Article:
The parterre Trentham Hall gardens; The seat of His Grace the Duke of Sutherland. Page 24 of Edward Adveno Brooke’s The Gardens of England which was published in 1858. Collections of the Smithsonian Libraries. Biodiversity Heritage Library, digitalizing sponsor. In the public domain due to age. via https://archive.org/details/gardensEngland00Broo/page/5/mode/1up

Trentham Hall is an estate in Stoke-On-Trent in Staffordshire, England. It was one of the estates of the Duke of Sutherland. It was abandoned in 1905 after sewage and effluent from nearby potteries polluted the Trent River which fed the lake in the early 20th century, making life at the hall unpleasant. Most of it was demolished in 1912 but the gardens remain, probably not looking exactly like this.

Edward Adveno Brooke (1821–1910) appears to primarily have been a landscape painter who strayed into the realm of painting gardens.

Imagery from “Atlas Japannensis : being remarkable addresses by way of embassy from the East-India Company of the United Provinces to the Emperor of Japan, containing a description of their several territories, cities, temples and fortresses, their religions, laws and customs, their prodigious wealth and gorgeous habits, the nature of their soil, plants, beasts, hills, rivers and fountains, with the character of the ancient and modern Japanners.” Published in London in 1670.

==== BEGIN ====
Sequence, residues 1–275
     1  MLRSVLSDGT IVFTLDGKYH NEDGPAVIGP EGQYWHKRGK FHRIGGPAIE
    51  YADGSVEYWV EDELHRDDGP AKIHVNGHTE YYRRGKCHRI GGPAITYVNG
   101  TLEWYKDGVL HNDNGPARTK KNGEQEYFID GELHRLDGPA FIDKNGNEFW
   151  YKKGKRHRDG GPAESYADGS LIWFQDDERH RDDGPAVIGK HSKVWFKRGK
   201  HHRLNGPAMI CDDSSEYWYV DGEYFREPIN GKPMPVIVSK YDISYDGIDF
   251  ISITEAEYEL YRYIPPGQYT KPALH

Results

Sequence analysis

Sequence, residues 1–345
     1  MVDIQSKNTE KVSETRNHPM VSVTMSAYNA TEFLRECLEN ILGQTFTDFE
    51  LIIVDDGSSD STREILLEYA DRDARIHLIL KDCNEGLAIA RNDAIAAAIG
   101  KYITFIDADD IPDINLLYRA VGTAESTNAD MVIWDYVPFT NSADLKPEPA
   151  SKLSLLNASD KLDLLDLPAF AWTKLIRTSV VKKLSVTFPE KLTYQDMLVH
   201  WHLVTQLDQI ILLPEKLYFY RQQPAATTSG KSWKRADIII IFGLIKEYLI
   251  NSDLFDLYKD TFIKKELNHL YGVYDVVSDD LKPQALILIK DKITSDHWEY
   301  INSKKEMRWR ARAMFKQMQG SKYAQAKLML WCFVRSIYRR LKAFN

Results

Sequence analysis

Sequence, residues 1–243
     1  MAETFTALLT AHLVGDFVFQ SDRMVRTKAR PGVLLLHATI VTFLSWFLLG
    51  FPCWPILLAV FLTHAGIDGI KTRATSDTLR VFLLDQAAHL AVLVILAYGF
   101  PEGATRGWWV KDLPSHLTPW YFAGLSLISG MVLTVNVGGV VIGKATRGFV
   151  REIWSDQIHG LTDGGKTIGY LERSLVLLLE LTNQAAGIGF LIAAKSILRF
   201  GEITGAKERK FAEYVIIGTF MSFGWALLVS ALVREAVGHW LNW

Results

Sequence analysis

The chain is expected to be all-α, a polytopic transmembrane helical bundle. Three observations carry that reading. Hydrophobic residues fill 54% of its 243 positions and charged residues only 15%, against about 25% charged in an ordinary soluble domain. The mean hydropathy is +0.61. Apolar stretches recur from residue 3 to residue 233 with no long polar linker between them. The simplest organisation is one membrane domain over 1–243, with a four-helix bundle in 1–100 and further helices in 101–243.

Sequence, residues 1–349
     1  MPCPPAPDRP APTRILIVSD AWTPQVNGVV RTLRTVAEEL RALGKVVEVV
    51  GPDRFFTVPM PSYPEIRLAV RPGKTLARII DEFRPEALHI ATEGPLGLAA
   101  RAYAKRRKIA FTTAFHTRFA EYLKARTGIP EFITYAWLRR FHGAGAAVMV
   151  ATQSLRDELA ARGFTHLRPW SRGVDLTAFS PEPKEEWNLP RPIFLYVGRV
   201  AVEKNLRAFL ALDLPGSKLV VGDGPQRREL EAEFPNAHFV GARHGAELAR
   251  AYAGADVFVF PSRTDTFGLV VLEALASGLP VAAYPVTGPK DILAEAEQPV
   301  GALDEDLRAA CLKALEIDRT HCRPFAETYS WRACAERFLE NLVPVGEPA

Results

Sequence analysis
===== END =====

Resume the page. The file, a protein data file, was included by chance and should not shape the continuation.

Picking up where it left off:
Aneract Portatura of the Castle and Citty Batavia, lying on the great Ilant Java Anno 1669. Image 9310 from Arnoldus Montanus and John Ogilbie’s 1670 work Atlas Japannensis . . . Gleeson Library Digital Collections, University of San Francisco. In the public domain due to age. via https://digitalcollections.usfca.edu/digital/collection/p264101coll7/id/9310

The Lodge before Nangasaki on the ? (name of island is not legible). Image 9329 from Arnoldus Montanus and John Ogilbie’s 1670 work Atlas Japannensis . . . Gleeson Library Digital Collections, University of San Francisco. In the public domain due to age. via https://digitalcollections.usfca.edu/digital/collection/p264101coll7/id/9329

The city of Osacco. Image 9339 from Arnoldus Montanus and John Ogilbie’s 1670 work Atlas Japannensis . . . Gleeson Library Digital Collections, University of San Francisco. In the public domain due to age. via https://digitalcollections.usfca.edu/digital/collection/p264101coll7/id/9339